Now, our goal is to make as many friends as we can, have a really cool photo album to show people and really cool fliers on the wall.
Is it fair to say the band has launched a war against the hordes of cover bands around here?
I think you could say that. It's not to say that we've not been guilty of doing covers ourselves. There's definitely a chasm between the bands that we play with and the other bands in town. It's an actual business for them. It's just that we play because we have to.
I think there's a big difference between someone who does it for money and someone who does it for love. There's something really cool about not having any commercial expectation and having that freedom to do whatever you want whenever you want.
Tell me about your experience recording with Never Records during the Victoria TX Independent Film Festival.
First off, Ted Riederer, the guy from Never Records, is a musician. He played in a band called Thumper, which I was a huge fan of in the 1990s. That by itself, getting to meet him, was cool by itself.
To have these guys come from New York and all around the world - and they've done so many cool things, and their documentary is so cool - to have them come here was a treat.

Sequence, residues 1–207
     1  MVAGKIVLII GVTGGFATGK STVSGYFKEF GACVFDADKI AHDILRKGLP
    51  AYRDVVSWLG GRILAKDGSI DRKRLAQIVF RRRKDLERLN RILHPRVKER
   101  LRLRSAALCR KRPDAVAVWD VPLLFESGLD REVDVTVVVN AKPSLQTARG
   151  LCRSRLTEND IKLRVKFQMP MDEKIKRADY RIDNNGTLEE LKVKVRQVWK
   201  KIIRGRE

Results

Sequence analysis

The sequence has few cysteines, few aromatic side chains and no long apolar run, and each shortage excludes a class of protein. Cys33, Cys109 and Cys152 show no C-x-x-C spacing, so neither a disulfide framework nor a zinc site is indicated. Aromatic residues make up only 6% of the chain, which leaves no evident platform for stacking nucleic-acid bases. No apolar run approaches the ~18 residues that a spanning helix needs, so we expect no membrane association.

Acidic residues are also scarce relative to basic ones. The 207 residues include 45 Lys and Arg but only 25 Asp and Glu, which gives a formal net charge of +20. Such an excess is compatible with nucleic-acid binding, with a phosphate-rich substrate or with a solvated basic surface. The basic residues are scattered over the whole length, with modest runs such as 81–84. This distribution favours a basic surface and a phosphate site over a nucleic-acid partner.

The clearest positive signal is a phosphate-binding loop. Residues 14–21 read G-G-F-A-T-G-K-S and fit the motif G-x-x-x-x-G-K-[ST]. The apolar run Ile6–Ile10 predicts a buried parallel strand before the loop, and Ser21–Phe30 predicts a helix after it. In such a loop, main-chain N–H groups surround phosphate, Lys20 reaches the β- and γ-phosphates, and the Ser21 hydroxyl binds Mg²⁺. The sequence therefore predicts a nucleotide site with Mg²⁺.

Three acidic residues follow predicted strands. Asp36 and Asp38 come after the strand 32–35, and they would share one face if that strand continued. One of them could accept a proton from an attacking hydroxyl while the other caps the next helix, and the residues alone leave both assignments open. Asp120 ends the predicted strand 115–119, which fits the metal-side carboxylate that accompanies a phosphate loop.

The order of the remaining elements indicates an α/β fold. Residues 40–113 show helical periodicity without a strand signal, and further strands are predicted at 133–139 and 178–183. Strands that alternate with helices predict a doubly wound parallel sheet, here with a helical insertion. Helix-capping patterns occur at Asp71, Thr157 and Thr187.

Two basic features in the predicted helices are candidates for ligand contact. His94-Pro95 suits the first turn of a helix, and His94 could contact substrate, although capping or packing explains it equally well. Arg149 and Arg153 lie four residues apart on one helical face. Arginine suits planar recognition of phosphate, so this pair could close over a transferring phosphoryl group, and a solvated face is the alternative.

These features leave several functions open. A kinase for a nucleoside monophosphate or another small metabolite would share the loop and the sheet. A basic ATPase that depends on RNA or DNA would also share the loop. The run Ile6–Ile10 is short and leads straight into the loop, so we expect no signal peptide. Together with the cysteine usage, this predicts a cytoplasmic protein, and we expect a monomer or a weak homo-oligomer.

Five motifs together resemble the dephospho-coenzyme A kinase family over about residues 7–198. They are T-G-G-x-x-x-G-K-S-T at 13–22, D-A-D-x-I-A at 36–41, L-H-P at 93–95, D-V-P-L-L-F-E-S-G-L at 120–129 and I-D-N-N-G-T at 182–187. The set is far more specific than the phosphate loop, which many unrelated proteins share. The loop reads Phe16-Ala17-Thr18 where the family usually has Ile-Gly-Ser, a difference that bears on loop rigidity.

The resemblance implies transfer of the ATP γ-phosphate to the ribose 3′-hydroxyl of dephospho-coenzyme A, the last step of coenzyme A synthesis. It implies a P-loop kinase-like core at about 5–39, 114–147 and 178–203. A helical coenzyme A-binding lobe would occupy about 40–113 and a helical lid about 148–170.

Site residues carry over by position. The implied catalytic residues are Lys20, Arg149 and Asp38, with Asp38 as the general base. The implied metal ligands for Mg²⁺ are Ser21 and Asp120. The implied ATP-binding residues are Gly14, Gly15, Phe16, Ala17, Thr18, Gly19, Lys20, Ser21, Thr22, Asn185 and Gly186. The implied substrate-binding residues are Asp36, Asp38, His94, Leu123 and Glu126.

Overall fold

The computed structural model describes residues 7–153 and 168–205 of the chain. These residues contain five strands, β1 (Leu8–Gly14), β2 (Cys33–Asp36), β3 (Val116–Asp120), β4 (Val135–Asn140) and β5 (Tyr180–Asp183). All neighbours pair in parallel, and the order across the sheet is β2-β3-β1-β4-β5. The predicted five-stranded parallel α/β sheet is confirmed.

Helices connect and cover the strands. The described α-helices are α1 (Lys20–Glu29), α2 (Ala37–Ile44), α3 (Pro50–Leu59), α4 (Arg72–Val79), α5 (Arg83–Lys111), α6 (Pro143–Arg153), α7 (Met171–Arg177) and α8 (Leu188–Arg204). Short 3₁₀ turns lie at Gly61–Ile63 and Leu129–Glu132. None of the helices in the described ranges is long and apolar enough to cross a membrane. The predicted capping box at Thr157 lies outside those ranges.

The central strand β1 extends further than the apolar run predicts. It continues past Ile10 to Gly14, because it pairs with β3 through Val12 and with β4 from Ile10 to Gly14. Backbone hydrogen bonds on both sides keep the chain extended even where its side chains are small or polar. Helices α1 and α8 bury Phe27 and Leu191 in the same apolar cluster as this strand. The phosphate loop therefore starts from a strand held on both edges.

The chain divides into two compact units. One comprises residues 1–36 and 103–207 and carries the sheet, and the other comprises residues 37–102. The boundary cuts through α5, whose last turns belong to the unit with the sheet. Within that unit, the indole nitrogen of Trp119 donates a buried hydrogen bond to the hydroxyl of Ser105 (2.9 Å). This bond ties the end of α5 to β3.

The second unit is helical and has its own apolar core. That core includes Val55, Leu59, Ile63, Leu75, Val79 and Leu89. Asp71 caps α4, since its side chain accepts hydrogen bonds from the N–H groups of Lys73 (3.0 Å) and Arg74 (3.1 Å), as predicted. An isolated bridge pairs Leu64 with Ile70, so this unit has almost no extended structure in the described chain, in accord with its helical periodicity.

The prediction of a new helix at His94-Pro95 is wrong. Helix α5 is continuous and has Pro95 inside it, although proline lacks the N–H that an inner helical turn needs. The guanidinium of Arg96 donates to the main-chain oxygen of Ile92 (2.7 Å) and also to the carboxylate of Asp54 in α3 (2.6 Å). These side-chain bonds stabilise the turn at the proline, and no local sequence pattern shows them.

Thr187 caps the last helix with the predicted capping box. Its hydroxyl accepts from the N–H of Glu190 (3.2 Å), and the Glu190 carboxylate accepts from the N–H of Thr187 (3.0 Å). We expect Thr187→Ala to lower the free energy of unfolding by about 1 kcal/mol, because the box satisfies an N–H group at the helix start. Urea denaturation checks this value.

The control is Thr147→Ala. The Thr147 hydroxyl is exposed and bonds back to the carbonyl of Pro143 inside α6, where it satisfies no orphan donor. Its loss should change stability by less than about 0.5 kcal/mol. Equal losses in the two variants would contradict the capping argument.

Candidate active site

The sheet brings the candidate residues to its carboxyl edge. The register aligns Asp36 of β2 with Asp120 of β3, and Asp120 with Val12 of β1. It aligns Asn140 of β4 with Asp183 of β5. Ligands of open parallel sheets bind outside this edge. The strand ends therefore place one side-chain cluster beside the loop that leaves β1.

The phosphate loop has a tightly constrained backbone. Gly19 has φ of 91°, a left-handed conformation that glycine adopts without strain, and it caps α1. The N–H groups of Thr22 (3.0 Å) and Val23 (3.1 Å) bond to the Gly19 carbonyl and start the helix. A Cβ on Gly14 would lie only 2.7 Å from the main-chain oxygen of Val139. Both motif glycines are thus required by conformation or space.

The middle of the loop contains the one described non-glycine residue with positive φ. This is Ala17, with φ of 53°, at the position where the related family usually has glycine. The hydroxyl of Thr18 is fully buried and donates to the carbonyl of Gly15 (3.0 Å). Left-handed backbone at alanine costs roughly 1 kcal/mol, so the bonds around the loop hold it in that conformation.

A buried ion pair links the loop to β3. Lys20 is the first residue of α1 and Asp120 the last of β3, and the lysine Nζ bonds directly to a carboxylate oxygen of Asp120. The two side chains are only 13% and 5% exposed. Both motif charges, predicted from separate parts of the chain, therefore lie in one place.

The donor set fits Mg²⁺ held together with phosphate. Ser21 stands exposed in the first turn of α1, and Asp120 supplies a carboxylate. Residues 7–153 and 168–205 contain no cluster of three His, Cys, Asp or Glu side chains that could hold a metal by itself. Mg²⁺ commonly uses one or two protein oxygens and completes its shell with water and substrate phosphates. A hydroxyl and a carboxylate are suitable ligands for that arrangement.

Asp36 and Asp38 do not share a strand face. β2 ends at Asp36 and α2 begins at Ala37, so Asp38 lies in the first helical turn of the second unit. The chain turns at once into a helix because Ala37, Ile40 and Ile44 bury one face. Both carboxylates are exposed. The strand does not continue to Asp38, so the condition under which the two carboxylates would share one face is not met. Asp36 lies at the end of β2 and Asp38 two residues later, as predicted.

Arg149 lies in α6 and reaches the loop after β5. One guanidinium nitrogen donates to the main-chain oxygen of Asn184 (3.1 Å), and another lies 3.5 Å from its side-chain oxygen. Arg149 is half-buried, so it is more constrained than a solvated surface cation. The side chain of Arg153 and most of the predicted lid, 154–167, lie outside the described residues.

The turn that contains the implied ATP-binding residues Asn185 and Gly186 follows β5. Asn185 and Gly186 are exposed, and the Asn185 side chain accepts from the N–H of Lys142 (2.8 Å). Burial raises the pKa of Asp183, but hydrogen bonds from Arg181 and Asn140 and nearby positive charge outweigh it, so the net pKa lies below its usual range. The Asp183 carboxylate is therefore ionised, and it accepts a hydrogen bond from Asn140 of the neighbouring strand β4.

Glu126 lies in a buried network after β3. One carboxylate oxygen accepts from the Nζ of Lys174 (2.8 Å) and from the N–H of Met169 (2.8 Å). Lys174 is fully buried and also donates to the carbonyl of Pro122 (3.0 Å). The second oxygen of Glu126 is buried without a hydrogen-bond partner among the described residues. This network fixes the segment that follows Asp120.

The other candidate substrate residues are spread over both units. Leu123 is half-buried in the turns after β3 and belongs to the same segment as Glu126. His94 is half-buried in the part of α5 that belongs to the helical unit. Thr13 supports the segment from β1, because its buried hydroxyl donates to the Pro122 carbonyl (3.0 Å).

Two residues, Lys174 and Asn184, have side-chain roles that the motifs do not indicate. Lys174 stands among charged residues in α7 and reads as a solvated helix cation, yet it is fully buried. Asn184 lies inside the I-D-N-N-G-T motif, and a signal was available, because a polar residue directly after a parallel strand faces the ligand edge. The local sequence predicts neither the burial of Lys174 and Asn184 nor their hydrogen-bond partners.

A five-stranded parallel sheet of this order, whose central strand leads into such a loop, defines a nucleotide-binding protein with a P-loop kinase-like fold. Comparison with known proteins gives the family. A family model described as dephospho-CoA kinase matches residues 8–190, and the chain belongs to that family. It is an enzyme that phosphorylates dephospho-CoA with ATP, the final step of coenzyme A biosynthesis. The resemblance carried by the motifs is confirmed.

When he came to town, for about two or three days we got to get to know him. By the time we recorded with him, it was really cool. I had never recorded a one-take live thing like that, that quickly and off the cuff.
It's still one of our favorite recordings. We haven't put it out in too many places, and we haven't put it for sale. We'll probably just leave it as a bonus track.
Now you guys are starting your own label? How did that come up, and was it inspired by Ted Riederer?
The label is modeled after two different movements, the Antagonist Movement from New York, which Never Records is part of.
They publish writers and artists, collaborate, and they build each other up.